New Product Lines coming from Specialized?

It is important to remember that “intellectual property” includes more than just utility and design patents. A healthy IP portfolio will include patents but will also include consideration for your brand – specifically, trademarks. The most (in)famous player in the cycling industry regarding trademarks is probably Specialized. The Cafe Roubaix-Specialized incident has been widely covered.

Regardless of community perception, Specialized has an organized trademark strategy that many other businesses can learn from. Further, because US trademark filings are public, we can learn some about Specialized’s strategy/future products.

Specialized has recently filed the following trademark applications:

LIFT– for Bicycle frames; Bicycles – filed: March 16, 2015

RUZE – for Bicycle frames; Bicycles – filed: March 13, 2015

HELLGA – for Bicycle frames; Bicycles – filed: December 16, 2014

RYHME – for Bicycle frames; Bicycles – filed: November 20, 2014

Neither searching Specialized.com nor the internet turn up any Specialized bikes featuring any of those names. The closest I found was speculation that HELLGA was to be a women specific fat bike.

These applications use similar descriptions of the goods that the trademarks are used on to those registered trademarks of CARVE, CRUX, CAMBER, and VENGE. If Specialized stays true to their previous filings, it looks like we could see new LIFT, RUZE, HELLGA, and RYHME bikes form Specialized.

Note – these are all word marks meaning that there are no fun pictures associated with these yet. Only text. From a trademark perspective, that means that these marks can be used in any style, font, color, etc.

Advertisements

Patenting Pockets by Specialized

Storage. Water. Air. Tools. SWAT. Specialized’s SWAT technology is providing convenience, ease, and comfort to riders. Consider their Mountain Bib Liner with SWAT. For various reasons, many mountain bikers shy away from the Lycra – even pro XC racers like Marco Fontana  and Manuel Fumic. However, avoiding the Lycra also avoids the benefits of wearing a kit like a roadie – the pockets, which are most often found on the lower back of the classic cycling jersey.

More often in mountain biking that road, Camelbak Hydration Packs are used to carry tools, calories, and hydration.

Specialized proposes the Mountain Bib Liner with 5 SWAT Integrated Pockets as an alternative to riding with a backpack while providing the convenience similar to the conventional cycling kit but in the form of baggies. VitalMTB has a great review of Specialized’s SWAT apparel and produced the below film about its development:

Specialized’s Mountain Bib Liner with SWAT:

Screen shot 2015-02-10 at 7.15.08 PMScreen shot 2015-02-10 at 7.15.25 PM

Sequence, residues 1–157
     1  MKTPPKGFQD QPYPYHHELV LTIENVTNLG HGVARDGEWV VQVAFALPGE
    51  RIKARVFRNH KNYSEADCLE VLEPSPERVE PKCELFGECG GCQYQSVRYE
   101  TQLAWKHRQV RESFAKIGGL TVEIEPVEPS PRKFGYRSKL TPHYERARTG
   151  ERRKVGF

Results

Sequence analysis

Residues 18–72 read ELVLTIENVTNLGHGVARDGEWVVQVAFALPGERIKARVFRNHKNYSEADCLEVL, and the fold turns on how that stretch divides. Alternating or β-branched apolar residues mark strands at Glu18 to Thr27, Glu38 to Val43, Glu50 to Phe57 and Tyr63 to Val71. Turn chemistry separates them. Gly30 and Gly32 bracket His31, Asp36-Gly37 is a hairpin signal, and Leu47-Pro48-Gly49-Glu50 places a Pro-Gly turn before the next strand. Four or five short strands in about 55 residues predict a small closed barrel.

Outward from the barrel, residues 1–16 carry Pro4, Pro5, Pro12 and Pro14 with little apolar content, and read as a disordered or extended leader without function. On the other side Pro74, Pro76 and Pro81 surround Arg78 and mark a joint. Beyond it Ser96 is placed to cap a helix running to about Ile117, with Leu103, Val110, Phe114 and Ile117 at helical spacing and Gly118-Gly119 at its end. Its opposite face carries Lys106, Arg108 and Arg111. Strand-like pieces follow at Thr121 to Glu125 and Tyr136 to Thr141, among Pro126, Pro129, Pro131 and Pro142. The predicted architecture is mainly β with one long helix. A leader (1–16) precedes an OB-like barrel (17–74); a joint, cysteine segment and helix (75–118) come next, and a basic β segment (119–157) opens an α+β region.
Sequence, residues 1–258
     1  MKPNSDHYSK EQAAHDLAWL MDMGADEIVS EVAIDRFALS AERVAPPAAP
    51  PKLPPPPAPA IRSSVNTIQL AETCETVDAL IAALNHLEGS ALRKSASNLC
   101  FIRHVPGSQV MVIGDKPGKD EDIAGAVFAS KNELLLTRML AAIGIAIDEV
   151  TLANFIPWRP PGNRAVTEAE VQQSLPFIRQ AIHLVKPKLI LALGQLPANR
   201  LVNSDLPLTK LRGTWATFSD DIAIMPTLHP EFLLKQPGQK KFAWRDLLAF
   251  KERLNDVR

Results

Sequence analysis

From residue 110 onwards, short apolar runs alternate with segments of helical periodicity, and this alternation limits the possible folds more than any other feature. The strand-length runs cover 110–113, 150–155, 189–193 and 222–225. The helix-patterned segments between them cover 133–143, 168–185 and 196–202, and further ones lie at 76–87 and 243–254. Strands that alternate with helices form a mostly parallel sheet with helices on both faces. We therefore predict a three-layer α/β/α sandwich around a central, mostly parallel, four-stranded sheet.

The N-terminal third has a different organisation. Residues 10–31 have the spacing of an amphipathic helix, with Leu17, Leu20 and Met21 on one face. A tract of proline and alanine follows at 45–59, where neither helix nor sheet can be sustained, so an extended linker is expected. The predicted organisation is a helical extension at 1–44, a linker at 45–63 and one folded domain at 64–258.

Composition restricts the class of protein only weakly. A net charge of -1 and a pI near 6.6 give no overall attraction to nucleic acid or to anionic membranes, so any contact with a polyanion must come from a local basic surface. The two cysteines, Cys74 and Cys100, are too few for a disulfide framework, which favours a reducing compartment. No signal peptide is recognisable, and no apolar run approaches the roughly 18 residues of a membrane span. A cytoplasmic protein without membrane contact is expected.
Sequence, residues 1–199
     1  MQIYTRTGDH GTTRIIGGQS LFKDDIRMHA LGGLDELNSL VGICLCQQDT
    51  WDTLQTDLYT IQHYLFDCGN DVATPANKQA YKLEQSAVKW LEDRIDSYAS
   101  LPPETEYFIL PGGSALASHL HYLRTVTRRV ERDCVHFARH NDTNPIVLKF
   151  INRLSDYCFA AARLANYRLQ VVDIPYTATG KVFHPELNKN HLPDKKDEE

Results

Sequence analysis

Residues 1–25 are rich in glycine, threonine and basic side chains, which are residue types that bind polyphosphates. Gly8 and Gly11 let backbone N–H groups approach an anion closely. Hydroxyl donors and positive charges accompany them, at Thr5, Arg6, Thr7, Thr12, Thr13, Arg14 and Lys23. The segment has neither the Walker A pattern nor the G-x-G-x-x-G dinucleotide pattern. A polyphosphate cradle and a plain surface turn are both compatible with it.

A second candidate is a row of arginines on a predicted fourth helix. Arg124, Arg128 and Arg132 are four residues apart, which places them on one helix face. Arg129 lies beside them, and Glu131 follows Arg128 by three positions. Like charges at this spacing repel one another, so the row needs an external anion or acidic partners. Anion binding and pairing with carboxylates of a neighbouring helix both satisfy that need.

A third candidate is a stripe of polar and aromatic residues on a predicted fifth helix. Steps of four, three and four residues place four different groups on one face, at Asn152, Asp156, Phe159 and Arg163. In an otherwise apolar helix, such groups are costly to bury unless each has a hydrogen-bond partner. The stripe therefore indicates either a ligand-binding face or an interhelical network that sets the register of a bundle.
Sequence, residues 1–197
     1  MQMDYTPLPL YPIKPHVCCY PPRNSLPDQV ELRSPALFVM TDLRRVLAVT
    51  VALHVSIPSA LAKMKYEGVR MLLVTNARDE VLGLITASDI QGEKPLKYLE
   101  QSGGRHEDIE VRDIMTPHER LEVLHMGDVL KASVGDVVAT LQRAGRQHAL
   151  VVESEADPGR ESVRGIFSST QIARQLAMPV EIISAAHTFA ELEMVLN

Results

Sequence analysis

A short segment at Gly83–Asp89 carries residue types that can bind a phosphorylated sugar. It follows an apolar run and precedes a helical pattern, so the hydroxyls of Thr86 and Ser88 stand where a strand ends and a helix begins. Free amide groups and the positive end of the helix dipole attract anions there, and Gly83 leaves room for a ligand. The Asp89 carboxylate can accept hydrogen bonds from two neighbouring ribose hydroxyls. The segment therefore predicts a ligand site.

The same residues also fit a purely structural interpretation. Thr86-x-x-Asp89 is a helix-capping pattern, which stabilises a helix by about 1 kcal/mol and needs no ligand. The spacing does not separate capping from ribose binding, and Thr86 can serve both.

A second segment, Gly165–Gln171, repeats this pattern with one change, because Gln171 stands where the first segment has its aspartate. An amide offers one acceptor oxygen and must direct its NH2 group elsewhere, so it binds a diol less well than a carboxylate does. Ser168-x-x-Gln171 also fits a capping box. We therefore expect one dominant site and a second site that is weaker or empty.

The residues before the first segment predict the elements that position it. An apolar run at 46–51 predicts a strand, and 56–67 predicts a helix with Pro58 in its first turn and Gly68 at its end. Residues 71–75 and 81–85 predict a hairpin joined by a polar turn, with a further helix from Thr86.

And, Specialized is pursuing patent protection for those pockets.

Screen shot 2015-02-10 at 7.15.46 PM

US Patent Application 13/802,245, filed March 13, 2013, is currently pending but has not yet been acted upon by the USPTO.

[T]he pocket 200 comprises a secured portion 205 and a hanging portion 210. … the secured portion 205 is located above the natural position for a waistband 310 of a pair of loose fitting shorts 300. … FIGS. 2A-2B illustrate a pair of loose fitting shorts 300 worn with the waistband 310 at a natural position on a user. The hanging portion 210 of the pocket 200 allows some of the pocket 200 to overhang the waistband 310 of the loose fitting shorts 300 since there is no connection between the hanging portion 210 of the pocket 200 and the athletic garment 100. As illustrated in FIGS. 2A-2B, the waist band 310 of the loose fitting shorts 300 at its natural location occupies the space between the athletic garment 100 and the hanging portion 210 of the pocket 200. The hanging portion 210 allows the loose fitting shorts 300 and the pocket 200 to occupy the same area near the user’s lower back, allowing the loose fitting shorts 300 to sit at their natural position and not be forced downwards by a loaded pocket 200 while the pocket 200 is located in an ideal location for the user to access the contents of the pocket 200.

Screen shot 2015-02-10 at 7.34.43 PM

FIGS. 2A, 2B, and 5 (below) show the hanging portion 210 of the pocket 200 hanging over the waistband 310 of the loose fitting shorts 300. In other words, pockets on your lower back (like a traditional cycling jersey) that hang over the waistband of your baggies.

Screen shot 2015-02-10 at 7.16.02 PM

Application: US 13/802,245
Application Status: Pending, No Action on the Merits, IDS filed on December 12, 2014
Assignee: Specialized Bicycle Components, Inc.
Related Patents/Applications: N/A

Specialized Patents the “Love Handle”

In honor of the Cyclocross World Championship (congrats to MvdP – great race!), here’s a patent that issued to Specialized in May 2014. The Specialized Crux is beautiful ride and demonstrates Specialized’s dedication to cyclocross.

Referred to as the “Love Handle,” Specialized provided a grip (“concave section”) on the bottom side of down tube of the Crux frame so that the down tube is easier to grab when shouldering the bike. The “Love Handle” has been well-received.

From the patent:

[T]he down tube 55 includes a concave section 80 that is disposed on an underside (i.e., facing generally downward toward the ground) of the down tube 55 to accommodate a hand of a bicycle rider. Alternatively, or in addition, the top tube 50 can include a concave section (not shown) that is similar to the concave section 80.

Screen shot 2015-02-04 at 10.14.29 AM

Note that the disclosure provides for another grip on the top tube, although it’s not shown in the drawings.

And, we appreciate Specialized’s playfulness in marketing this feature as the “Love Handle” – it’s great to see a large company show some personality.

Application: US 13/242,619
Application Status: Patented – US 8,720,929
Assignee: Specialized Bicycle Components, Inc.
Related Patents/Applications: N/A